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A321neo – A Winning Formula

October 2, 2017

The values of those some ten A321neos already in service are remaining stable and even with the problems associated with the PW1100 engine, there is not expected to be much change in the near term with the type expected to be a clear winner for both investor and operator.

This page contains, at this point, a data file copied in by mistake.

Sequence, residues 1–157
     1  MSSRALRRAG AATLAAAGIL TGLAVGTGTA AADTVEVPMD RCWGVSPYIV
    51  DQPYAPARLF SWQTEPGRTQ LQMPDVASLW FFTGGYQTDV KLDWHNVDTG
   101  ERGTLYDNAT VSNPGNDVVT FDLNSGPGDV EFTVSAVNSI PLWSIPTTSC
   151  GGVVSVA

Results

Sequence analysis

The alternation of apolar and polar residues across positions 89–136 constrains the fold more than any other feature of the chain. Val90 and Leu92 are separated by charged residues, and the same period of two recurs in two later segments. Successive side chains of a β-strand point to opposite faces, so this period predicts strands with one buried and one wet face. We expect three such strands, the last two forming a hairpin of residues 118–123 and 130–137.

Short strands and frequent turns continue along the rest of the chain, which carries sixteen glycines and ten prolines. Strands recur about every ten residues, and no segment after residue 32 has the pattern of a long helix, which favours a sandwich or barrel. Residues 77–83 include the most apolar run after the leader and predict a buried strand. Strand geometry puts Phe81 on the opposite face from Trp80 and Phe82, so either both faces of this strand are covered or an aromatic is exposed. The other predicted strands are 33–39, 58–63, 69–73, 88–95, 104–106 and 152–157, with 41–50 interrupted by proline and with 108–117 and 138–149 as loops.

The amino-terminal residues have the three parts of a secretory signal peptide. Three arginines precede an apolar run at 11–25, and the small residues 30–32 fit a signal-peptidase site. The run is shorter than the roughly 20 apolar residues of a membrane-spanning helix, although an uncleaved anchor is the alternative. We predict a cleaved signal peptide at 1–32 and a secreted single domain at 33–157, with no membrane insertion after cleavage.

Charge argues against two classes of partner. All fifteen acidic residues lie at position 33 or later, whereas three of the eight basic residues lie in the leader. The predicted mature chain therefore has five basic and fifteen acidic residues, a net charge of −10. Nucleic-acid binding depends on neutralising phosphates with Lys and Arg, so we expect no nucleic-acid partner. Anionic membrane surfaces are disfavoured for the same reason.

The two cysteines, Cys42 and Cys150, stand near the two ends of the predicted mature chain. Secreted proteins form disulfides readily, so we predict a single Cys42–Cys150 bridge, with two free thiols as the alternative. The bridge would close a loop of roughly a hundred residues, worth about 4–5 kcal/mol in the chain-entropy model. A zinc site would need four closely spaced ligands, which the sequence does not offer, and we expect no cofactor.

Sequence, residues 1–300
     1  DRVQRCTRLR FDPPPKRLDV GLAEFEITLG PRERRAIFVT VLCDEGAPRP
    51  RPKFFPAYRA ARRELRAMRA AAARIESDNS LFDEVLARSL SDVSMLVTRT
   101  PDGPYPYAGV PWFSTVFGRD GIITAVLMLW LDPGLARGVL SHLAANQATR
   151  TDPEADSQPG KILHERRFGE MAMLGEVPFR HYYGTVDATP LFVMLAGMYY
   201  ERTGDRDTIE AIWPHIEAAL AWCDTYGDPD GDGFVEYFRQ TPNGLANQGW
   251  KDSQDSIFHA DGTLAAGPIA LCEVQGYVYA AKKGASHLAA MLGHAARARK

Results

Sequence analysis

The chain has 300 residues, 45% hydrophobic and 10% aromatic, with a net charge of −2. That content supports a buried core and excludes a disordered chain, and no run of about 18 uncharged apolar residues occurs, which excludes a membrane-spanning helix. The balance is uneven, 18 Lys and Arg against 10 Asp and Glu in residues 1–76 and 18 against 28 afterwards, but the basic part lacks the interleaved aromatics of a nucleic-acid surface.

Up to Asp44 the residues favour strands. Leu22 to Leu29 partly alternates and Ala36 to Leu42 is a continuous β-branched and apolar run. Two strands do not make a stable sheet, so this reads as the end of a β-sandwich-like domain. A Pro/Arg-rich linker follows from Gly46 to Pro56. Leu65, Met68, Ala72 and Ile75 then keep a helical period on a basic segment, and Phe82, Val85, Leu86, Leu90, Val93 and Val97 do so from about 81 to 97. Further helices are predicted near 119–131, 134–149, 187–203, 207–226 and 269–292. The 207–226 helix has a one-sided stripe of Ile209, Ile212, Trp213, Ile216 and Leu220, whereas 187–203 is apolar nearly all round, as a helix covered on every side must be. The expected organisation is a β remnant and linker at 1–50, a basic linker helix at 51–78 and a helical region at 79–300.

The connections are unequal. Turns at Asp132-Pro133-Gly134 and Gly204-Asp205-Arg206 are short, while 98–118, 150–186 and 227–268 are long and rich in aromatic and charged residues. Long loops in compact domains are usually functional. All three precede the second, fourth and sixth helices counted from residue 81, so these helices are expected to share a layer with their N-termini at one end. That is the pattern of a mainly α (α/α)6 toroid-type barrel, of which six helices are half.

The A321neo powered by the PW1100G has become the airframe/engine combination of choice even as Airbus continues to offer the existing A321ceo powered by CFM56/V2500 engines through the period of transition which is now expected to continue for later than originally planned. The rationale for the development of the neo centered on the need for operators to contain their operating costs in the face of unstable fuel prices. The need for aviation to also improve its public image with respect to environmental compliance also perhaps made it more of an imperative to proceed with the neo.